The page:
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New analyses from pivotal Phase III trials of oral ozanimod for relapsing multiple sclerosis . Celgene

Read time: 2 mins
Last updated:11th Oct 2018
Published:11th Oct 2018
Source: Pharmawand

Celgene Corporation announced the results of two post hoc analyses of data from the phase III SUNBEAM and RADIANCE Part B trials which evaluated the efficacy and safety of ozanimod, a novel, oral, selective sphingosine 1-phosphate 1 (S1P1) and 5 (S1P5) receptor modulator, versus a first-line treatment, Avonex (interferon beta-1a) (IFN), in patients with relapsing multiple sclerosis (RMS). These findings will be presented at ECTRIMS 2018.

SUNBEAM evaluated two doses (0.92 mg and 0.46 mg, equivalent to 1 mg and 0.5 mg ozanimod HCI respectively) of oral ozanimod in 1,346 patients with RMS treated for at least one year. A post hoc analysis of 12-month data from SUNBEAM to be presented today examined the effect of ozanimod on cognitive processing speed, based on performance on the Symbol Digit Modalities Test (SDMT). Benefits in SDMT score at month 12 were seen with ozanimod versus IFN (difference: 1.6; 95% confidence interval [CI]: 0.62, 2.56 for ozanimod 1 mg and 1.2; 95% CI: 0.19-2.13 for ozanimod 0.5 mg). More patients exhibited clinically meaningful ( greater than 4-point) improvements in processing speed at month 12 with ozanimod 1 mg (rate ratio, 1.3; 95% CI: 1.05, 1.55) and 0.5 mg (1.2; 95% CI: 0.94, 1.40) versus IFN. A second post hoc analysis on annualized relapse rates (ARR) and MRI lesions examined the effect of ozanimod in patients with early RMS compared with patients with more advanced disease. Early RMS was defined based on a composite baseline profile, including 3 years or less since diagnosis, an Expanded Disability Status Scale (EDSS) of 3.5 or less, and the use of one or no disease-modifying treatments. In the pooled phase 3 studies, two doses of oral ozanimod (1 mg and 0.5 mg) were evaluated compared with IFN in 2,659 patients treated for two years. For patients with early RMS (n=1,392) in this analysis, ARR was lower at 12 months with ozanimod 1 mg (ARR=0.149) and ozanimod 0.5 mg (ARR=0.200) compared with IFN (ARR=0.285). ARR was also lower with ozanimod versus IFN in patients with more advanced RMS (n=1,267) (ozanimod 1 mg: 0.217; 0.5 mg: 0.277; IFN: 0.363).Ozanimod also showed a reduction of MRI lesions in both early and more advanced RMS in this analysis. For patients with early RMS, the mean number of gadolinium-enhancing (GdE) lesions at 12 months was 0.263 with ozanimod 1 mg, 0.458 with ozanimod 0.5 mg and 0.656 with IFN. For those with more advanced RMS, the mean number of GdE lesions was 0.278, 0.323 and 0.915, respectively. Similarly, the mean number of new or enlarging T2 lesions at 12 months for patients with early RMS was 2.952 for ozanimod 1 mg, 3.744 for ozanimod 0.5 mg and 4.633 for IFN. For patients with more advanced RMS, the numbers were 2.514, 2.903 and 4.710, respectively.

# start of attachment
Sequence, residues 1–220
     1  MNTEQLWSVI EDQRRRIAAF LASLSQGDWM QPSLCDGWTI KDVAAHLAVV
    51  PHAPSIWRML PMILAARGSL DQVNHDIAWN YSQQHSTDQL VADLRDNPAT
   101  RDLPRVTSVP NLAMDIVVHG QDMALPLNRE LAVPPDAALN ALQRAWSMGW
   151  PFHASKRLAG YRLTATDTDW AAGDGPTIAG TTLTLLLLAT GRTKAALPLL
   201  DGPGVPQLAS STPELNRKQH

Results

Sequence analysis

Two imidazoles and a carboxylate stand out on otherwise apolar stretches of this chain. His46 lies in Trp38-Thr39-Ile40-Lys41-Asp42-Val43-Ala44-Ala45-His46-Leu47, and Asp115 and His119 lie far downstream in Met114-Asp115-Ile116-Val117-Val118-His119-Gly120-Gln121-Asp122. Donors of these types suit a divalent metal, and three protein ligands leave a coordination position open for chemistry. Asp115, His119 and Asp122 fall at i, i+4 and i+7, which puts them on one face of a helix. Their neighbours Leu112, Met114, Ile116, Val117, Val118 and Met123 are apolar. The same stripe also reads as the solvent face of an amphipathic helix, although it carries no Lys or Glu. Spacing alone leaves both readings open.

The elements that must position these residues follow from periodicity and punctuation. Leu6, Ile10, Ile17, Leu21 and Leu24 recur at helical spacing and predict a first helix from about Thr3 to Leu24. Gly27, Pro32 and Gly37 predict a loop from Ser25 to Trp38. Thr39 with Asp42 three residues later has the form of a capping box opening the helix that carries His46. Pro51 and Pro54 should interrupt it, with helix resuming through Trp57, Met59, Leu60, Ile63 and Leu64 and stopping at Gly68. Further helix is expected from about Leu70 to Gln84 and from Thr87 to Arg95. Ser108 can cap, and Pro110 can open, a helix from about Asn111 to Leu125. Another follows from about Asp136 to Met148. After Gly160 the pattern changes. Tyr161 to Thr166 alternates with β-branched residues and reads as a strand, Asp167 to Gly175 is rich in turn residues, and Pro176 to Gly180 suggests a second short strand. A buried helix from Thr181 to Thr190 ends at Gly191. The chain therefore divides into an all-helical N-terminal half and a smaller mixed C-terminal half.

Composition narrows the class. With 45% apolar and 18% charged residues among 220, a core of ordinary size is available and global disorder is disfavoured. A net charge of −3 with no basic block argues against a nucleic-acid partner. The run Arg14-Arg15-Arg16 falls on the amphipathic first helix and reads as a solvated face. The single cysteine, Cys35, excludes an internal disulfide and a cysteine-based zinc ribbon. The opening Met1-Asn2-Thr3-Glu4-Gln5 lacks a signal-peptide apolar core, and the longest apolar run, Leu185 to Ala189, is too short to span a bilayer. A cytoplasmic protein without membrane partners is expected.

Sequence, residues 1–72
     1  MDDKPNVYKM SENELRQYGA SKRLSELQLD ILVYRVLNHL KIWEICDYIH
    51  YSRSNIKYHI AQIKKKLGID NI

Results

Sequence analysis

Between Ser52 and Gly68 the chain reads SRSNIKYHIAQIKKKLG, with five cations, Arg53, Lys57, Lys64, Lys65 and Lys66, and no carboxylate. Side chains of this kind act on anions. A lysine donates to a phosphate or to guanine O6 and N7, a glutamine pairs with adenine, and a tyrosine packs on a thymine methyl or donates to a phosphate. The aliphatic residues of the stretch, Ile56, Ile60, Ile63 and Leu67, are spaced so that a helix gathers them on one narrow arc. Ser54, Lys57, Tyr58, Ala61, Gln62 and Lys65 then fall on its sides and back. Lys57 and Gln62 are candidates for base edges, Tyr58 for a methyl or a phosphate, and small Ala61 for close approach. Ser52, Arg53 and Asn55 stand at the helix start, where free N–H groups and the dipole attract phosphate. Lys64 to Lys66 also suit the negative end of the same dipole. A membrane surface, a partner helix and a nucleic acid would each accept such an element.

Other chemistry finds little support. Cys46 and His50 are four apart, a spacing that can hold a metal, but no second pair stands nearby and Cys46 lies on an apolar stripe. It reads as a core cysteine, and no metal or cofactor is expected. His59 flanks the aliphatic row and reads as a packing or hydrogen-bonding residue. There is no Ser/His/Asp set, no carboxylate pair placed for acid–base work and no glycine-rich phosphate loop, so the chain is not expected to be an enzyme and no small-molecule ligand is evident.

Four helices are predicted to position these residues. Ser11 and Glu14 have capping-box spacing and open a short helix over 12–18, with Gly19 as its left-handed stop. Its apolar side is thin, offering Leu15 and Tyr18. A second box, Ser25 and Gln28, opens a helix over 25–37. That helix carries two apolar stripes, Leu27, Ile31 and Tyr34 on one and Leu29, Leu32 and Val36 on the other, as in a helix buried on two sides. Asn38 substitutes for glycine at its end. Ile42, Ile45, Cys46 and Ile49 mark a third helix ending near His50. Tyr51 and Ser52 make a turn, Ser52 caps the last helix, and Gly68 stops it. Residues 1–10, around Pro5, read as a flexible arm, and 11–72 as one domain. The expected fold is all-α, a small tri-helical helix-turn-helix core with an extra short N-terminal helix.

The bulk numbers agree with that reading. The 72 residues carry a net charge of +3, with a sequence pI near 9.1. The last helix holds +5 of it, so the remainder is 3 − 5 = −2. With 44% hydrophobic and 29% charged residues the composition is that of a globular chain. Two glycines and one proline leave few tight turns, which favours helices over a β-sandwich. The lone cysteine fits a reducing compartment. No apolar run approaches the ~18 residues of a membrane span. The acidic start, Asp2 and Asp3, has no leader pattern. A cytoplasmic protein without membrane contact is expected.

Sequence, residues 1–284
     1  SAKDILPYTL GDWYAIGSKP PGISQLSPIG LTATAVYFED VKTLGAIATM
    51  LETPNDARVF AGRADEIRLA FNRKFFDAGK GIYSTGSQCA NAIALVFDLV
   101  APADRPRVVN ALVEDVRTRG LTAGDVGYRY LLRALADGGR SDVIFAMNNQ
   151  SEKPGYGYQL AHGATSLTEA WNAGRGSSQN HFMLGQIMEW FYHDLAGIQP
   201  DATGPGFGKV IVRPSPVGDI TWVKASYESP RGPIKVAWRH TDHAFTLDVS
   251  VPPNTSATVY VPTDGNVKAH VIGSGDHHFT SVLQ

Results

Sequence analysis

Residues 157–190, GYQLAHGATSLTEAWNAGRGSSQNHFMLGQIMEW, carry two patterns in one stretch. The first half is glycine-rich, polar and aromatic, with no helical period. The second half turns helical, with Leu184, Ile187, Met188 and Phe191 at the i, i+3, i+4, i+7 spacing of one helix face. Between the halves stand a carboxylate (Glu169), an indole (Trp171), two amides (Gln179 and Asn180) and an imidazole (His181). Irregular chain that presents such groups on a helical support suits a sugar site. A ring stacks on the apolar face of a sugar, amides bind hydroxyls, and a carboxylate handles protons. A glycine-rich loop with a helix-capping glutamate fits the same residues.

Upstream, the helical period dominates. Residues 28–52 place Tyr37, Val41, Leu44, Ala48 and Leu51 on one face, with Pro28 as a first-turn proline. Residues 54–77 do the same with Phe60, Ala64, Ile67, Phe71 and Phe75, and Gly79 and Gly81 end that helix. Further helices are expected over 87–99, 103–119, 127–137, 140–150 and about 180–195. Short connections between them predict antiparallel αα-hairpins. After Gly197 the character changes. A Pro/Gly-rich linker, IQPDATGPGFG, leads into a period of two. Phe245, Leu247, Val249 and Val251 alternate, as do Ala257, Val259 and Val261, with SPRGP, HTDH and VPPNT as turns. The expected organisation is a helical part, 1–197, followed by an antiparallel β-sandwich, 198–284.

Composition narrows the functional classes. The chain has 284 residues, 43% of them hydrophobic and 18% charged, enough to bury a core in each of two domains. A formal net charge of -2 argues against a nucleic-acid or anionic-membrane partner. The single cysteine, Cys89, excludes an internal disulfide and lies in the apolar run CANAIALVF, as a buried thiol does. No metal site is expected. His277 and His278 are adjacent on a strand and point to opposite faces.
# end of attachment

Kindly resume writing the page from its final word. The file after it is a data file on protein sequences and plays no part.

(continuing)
In the SUNBEAM and RADIANCE clinical trials, the most common adverse reactions ( greater than 5 percent) that were higher with ozanimod than with IFN were upper respiratory tract infections, urinary tract infections, increases of alanine aminotransferase and increases of gamma-glutamyl transferase.

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